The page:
Why European NGO’s and the Red Cross Are Real Enemies in Israel
I was born into an extreme anti-Zionist, ultra-Orthodox Jewish community in Israel known as the “Hazon-Ishnikes,” among people who are certain that they are the people closest to God and that they are his only representatives on earth. Simply put, I was born into the elite of the elite of religious Judaism of the day.
Following in the footsteps of my ancestors, a long line of rabbis, I spent every waking moment of my youth studying God’s laws. True, life wasn’t always perfect, especially during the summer months when the heat reached around 100 degrees and I had to walk around with what my teachers taught me were “Jewish clothes” — a woolen black coat and a heavy hat — but other than this, honestly, life was better than perfect.
But then, on one wintry cold day, I got my hands on all kinds of books and pictures and found out that I’ve been lied to. Our “Jewish” black clothes made me look frighteningly similar to the non-Jewish Polish nobles and Austrian bourgeois of a century or two ago; our community’s glorification of virgins was more in line with the thinking in Islamic societies; and the way my rabbis prevented me from engaging with sexuality in any capacity — “Thou shalt never look at females,” they always reminded me — seemed more rooted in Catholicism than in Judaism.
True to my nature as a representative of God, I consulted with heaven and left the ultra-Orthodox fold. I joined the Modern Orthodox world and, in the process, I turned into a fervent right-wing Zionist.
And with the passing of some years I joined the Israeli army.
As a soldier, I felt like a real master. I drove tanks in the desert and I carried a big assault rifle when in the city. One day, as I walked the streets of Jerusalem, believing myself to be the biblical King David, my eyes met those of a young Arab lady in a long white dress standing on the rooftop of her house. There she stood, erect and proud. She stared at me, and then sang lovely Arabic tunes that captured my mind and heart. I stared back at her, a gorgeous beauty with the voice of an angel, and fell in love on the spot. Her song, I promptly concluded, was far more piercing than any of my bullets.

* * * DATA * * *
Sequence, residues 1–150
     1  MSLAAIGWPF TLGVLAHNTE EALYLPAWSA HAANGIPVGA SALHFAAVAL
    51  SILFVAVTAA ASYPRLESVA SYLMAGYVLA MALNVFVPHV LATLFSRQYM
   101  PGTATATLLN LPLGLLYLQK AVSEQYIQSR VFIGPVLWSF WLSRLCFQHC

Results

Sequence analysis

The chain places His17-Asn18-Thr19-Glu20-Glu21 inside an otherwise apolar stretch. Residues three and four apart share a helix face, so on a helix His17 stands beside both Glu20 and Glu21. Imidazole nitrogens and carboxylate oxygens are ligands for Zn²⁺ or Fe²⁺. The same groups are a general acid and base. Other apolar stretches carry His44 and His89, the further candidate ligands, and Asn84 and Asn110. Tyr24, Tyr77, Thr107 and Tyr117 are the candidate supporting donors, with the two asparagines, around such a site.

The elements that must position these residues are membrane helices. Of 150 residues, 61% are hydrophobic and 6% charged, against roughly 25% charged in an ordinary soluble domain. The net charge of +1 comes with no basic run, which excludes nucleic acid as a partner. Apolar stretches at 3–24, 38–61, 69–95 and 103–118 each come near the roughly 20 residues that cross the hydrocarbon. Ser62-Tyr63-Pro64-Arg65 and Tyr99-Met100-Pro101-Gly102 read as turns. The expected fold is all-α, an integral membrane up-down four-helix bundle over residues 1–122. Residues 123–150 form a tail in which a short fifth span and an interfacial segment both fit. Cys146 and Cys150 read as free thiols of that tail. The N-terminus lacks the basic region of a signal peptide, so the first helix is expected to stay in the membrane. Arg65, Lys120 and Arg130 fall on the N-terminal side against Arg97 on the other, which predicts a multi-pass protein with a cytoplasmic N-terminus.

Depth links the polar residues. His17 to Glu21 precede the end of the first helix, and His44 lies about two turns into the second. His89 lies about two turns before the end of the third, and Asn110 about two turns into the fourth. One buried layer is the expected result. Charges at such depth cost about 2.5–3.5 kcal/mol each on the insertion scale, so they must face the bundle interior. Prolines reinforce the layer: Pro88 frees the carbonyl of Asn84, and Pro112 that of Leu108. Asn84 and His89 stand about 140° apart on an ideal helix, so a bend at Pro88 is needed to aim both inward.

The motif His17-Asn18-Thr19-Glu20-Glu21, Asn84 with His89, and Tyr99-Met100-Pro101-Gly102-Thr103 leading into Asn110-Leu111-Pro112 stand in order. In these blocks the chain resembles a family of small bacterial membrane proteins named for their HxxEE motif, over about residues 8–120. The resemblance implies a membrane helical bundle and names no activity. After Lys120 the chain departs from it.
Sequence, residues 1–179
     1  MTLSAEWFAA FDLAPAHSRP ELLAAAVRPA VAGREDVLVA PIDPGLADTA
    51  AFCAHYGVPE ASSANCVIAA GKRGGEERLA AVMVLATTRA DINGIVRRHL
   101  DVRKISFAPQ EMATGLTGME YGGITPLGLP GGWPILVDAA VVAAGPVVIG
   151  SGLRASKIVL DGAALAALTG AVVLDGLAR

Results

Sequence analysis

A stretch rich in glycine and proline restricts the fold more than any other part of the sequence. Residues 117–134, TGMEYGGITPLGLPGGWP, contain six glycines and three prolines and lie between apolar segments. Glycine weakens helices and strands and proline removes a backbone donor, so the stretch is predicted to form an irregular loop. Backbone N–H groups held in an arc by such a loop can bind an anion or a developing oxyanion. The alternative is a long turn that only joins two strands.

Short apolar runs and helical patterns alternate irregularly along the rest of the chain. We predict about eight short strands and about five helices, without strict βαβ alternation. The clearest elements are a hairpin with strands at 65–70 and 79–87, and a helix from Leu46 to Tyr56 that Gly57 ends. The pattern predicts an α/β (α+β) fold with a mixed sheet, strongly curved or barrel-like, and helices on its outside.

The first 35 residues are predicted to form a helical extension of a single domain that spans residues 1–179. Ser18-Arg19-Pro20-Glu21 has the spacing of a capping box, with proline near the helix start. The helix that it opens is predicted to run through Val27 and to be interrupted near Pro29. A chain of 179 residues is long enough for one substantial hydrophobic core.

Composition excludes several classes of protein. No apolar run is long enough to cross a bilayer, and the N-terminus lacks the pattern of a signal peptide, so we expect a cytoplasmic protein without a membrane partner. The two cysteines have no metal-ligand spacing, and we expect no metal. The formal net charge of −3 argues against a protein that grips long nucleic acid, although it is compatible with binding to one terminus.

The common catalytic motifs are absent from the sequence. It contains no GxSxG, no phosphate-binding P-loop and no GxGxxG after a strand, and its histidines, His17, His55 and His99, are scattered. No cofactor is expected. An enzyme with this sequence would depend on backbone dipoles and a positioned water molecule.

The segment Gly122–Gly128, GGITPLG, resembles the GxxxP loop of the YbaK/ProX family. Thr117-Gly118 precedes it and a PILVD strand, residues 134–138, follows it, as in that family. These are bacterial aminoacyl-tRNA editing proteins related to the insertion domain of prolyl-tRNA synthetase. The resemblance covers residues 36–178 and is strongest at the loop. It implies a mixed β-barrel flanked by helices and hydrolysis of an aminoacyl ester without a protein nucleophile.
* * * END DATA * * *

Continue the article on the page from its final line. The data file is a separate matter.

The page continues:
On that very day, I became a leftist, an extreme leftist to be exact, and I fell in love with all Arabs.
Being young and naïve, I thought my new love would run down and rush into the open arms of King David, me.
It didn’t happen. She simply ignored this King.
I couldn’t believe it. How could she not fall in love with a sexy man like me?
Yes, I was sexy!
You see, in those years, young German volunteers came to Israel in droves to help the Jews of the Jewish state, because they felt guilty for what their parents, uncles and aunts had done to the Jews some decades earlier. To them, I was the sexiest man alive because my parents only barely survived the Nazis and most of my family evaporated into the heavens via one crematorium or the other.
Yet, sadly, for the Arab beauty I was nothing special.
It took time but eventually I came to terms with being rejected by the Arab girl — in those days they were “Arabs,” not “Palestinians.” And as the years passed I also gave up my rifle and decided to become a centrist and study in a university.